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Learning from an Industry Lowpoint

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By now, I’m sure you’ve all heard plenty about the recent lawsuit against John Eagle Collision Center in Dallas, right? I mean, this is a crucial, crucial case that could have a large impact across the industry. We’re well aware of the basic facts: The shop performed an improper repair (using glue rather than welds in replacing a steel roof) that led to a life-threatening situation for the vehicle’s passengers. In the end, the shop was found liable (remember that I used that word) and ordered to pay $31.5 million in damages.

Those are the basics to it, but what can we—and should we—learn from this? Well, there are some very clear takeaways that I hope all of us can glean from this.

Now, I want to preface everything I say with a little disclaimer here, my friends: I haven’t seen the transcripts from the trial, nor was I in attendance when it took place. The insight I have on this case is from conversations I’ve had with people who were there and are intimately involved with this case, including hearing a presentation from the victims’ attorney in the lawsuit, Todd Tracey.

That said, there are three main points I think everyone—and I repeat, everyone, as in every, single person owning, operating or working in a repair facility—should take away from this verdict.


1. Liability does not cease when vehicle ownership transfers.

This isn’t just specific to this case. It’s a very important fact to understand with all repairs.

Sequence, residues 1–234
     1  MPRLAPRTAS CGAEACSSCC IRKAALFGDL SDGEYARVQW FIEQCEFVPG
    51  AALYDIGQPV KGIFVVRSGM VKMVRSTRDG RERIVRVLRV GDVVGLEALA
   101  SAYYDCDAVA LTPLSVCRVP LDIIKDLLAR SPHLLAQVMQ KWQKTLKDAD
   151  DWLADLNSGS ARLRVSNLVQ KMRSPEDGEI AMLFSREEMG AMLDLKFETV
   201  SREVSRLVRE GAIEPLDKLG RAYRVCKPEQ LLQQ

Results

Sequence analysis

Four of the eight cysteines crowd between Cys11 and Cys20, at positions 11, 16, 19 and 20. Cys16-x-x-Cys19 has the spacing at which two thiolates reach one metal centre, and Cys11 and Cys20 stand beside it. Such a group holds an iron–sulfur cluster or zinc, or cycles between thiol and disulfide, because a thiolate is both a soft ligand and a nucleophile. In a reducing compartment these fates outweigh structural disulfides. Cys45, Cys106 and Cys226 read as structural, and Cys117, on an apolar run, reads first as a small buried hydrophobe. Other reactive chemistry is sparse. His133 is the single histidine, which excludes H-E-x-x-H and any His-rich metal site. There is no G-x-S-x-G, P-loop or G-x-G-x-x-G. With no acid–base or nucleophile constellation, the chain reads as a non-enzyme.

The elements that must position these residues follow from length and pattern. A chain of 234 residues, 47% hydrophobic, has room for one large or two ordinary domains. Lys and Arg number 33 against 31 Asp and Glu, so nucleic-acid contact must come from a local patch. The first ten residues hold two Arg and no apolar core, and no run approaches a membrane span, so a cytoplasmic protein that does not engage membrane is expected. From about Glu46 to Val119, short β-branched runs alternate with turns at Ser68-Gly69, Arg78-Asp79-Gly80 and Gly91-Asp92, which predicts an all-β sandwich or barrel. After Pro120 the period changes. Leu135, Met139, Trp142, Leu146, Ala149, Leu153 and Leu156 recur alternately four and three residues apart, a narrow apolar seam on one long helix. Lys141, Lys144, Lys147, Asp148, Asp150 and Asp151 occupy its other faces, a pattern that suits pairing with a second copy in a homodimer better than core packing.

Most shops say they will only warranty the car’s repairs to the person who owns the vehicle at that time. There’s no transferrable warranty. If I fix your car, I warranty it to you—that’s the idea. Well, one of the things that has come out in this trial is the clear difference between liability and warranties. When you fix a vehicle, it doesn’t matter if that vehicle changes ownership five times after that, each time it transfers ownership, that liability on the repair your business performed stays with you. Liability does not stop because ownership changes. Please, please understand this.  


2. “Recommended” is the new “required.”

So, I’m guessing that many of you have heard this pushback from insurers on OEM recommended repairs: “Well, it’s just a recommendation; it’s not necessary to do it.” Well, one of the things the judges and the jury in the John Eagle trial made very clear is that they viewed the term “recommended” as it being required by the OEM.


3. Be mindful of false advertising and negligence.

In that same line of thinking, Tracey in his presentation mentions that if you advertise your certifications—you’re a Honda ProFirst Certified Shop, or you’re Audi certified, or you’re BMW factory trained—you’re implying to customers that you perform repairs according to OEM requirements and regulations. And if you don’t do that, then it’s negligence. It became very clear: If you put that claim on there, you imply that you will perform repairs to OEM standards; if you don’t perform to those standards, that’s negligence.


At the end of the day, the largest lesson here is that when we fix a vehicle, our contract is with that vehicle owner—not the insurer. And the insurer refusing to pay for certain repairs and procedures does not remove the liability from our shops.

Let’s repeat that just to be clear: The insurer refusing to pay for certain repairs and procedures does not remove the liability from our shops.

With every repair, we must reasearch OEM repair procedures, and vehicles must be scanned with an OEM scan tool. But researching and scanning isn’t enough. As owners and managers of collision repair shops, we need to make sure technicians aren’t deviating from the process. There are instances when the techs themselves could be held liable if that was the case. The charges can follow whoever touches the vehicle.

Everyone in our businesses needs to know what is expected of them and what can be done to prevent an issue like this from happening to you and your business. We have a lot at stake and we need to ensure that all of this is being following to the nth degree. It’s preventable if you can make your good practices repeatable. So, let’s not make this story repeat itself.

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